In the years following World War II, we found that we had vanquished the threat of national socialism only to replace that threat with another, no less formidable threat in the form of Soviet communism. The narrative of communism -- its appeal to economic justice and its drumbeat of deterministic inevitability -- had won a lot of converts within American journalism, academia, and even within the government itself. As Soviet communism bore down on us from a strategic and military perspective, many of its fellow-traveling "progressive" ideals also infected America's public policy, dragging us inexorably toward socialism. Social security, laws to protect labor unions, minimum wage laws, and finally (since there is no logical stopping point for such thinking) welfare, housing, and millions of other policy directives all seemed to point to the inevitable arrival of the Nanny State.

Enter William Buckley, World War II vet, son of a wealthy oil man, educated in an English boarding school, and eventually at Yale University, where he ran head on into the liberalism which serves as the sieve through which all ideas in the academic world are strained . Where most of us might just try to grin and bear the liberal indoctrination for four years, Buckley's response was to grin and refuse to bear it, hitting back with his first book, God and Man at Yale , in 1951, a witty expose of the techniques and pervasiveness of liberal indoctrination within the hallowed halls of academia. Liberals reacted to the book with a heaping of shock and disgust, garnished with a soupcon of hysteria. E.g., the Saturday Review's reasoned, dispassionate reaction:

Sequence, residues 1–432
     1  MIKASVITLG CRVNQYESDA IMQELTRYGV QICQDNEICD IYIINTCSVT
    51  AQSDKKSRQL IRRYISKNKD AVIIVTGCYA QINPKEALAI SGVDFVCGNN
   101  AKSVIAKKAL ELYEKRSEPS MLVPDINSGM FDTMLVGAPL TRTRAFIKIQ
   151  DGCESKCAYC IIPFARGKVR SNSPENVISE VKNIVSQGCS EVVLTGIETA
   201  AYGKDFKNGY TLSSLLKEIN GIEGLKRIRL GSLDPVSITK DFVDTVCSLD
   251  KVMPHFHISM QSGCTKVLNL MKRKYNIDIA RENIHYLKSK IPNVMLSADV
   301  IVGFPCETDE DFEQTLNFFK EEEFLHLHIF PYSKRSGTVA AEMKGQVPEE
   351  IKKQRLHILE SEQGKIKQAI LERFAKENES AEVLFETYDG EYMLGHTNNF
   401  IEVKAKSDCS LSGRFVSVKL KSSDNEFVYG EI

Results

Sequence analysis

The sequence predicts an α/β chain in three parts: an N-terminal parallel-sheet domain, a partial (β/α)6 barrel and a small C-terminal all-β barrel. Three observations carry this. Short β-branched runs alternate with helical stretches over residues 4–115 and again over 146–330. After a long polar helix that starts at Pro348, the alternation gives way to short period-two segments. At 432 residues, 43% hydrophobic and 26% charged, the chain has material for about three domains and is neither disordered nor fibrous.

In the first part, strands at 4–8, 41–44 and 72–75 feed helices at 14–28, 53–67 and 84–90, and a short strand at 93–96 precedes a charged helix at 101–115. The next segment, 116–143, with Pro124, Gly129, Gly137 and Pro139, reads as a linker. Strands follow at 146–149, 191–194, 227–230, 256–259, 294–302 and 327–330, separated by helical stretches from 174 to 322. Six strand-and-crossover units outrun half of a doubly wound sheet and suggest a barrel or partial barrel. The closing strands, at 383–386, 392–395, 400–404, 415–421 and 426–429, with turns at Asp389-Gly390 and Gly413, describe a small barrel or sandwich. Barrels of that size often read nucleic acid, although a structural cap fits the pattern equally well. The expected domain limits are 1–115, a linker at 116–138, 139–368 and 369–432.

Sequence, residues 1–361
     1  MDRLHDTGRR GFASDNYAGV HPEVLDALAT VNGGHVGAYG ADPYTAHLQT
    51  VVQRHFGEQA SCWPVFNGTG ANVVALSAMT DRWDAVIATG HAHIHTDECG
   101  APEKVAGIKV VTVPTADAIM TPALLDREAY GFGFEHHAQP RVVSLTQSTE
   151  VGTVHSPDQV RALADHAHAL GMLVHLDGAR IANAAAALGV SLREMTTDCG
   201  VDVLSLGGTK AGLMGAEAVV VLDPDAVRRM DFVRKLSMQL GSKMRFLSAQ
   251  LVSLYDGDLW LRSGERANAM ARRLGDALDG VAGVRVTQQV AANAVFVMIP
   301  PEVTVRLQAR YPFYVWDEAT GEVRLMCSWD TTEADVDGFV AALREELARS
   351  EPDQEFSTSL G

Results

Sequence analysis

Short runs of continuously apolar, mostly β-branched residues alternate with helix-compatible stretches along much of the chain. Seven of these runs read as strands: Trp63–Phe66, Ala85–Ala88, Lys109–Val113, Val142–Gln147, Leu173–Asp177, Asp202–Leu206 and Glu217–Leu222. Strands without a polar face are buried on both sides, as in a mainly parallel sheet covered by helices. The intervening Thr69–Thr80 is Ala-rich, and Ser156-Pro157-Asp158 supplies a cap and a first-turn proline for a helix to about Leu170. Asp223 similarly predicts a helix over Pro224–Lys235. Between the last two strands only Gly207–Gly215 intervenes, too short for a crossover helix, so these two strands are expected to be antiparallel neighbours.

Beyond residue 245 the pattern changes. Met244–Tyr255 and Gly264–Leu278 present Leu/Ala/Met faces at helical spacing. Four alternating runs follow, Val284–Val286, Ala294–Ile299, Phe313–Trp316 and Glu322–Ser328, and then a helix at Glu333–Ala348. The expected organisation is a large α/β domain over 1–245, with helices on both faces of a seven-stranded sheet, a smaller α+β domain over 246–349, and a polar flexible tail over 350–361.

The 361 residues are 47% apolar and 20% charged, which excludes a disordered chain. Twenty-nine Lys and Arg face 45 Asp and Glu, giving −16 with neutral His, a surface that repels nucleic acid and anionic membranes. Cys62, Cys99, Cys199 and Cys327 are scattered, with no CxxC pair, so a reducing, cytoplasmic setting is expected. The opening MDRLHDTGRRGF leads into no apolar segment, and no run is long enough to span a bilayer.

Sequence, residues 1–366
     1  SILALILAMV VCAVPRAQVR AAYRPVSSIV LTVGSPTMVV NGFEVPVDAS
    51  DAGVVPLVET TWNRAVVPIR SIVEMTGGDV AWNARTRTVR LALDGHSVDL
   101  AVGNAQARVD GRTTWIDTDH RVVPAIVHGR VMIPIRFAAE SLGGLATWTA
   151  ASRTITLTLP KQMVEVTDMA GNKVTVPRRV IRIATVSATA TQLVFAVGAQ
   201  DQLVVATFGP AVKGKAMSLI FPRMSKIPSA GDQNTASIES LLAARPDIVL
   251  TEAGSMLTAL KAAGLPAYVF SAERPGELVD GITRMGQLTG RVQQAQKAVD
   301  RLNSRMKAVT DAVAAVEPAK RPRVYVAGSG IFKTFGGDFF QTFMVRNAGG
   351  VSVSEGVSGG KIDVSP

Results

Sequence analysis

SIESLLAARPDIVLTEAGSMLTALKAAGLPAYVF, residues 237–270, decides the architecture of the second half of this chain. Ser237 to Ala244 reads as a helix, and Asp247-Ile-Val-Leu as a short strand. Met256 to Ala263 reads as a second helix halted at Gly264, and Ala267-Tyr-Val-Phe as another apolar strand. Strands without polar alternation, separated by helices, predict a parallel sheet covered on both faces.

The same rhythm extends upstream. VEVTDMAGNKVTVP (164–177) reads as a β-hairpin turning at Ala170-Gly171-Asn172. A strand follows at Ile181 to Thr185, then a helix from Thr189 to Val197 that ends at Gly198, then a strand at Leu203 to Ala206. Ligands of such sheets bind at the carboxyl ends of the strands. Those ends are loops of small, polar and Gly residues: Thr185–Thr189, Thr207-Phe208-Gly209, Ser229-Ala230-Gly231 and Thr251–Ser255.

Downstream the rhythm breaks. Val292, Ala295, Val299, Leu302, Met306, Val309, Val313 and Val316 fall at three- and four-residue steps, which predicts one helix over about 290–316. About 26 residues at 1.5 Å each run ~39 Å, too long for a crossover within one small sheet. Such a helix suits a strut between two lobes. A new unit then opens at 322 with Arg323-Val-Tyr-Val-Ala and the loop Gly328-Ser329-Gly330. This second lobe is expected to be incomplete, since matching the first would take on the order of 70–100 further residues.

"The book is one which has the glow and appeal of a fiery cross on a hillside at night. There will undoubtedly be robed figures who gather to it, but the hoods will not be academic. They will cover the face."

(Nothing like a tolerant liberal, I always say.)

And ever since, Buckley has been the scourge of liberalism and liberal pretensions. In 1955, he assembled a distinguished cast of ex-communists and conservative academics looking for a venue for their ideas, and launched National Review magazine, whose job it was to "stand athwart history, yelling, 'Stop!'" In addition to being NR's editor-in-chief for over forty years, and writing a syndicated newspaper column, he was also the author of numerous books (inclusing several novels) and host of PBS's talk show The Firing Line for over thirty years. He engaged in many public debates on a variety of subjects, and somehow found time to be an avid amateur musician (piano and harpsichord) as well as an accomplished sailboat skipper (and wrote two or three books on that subject).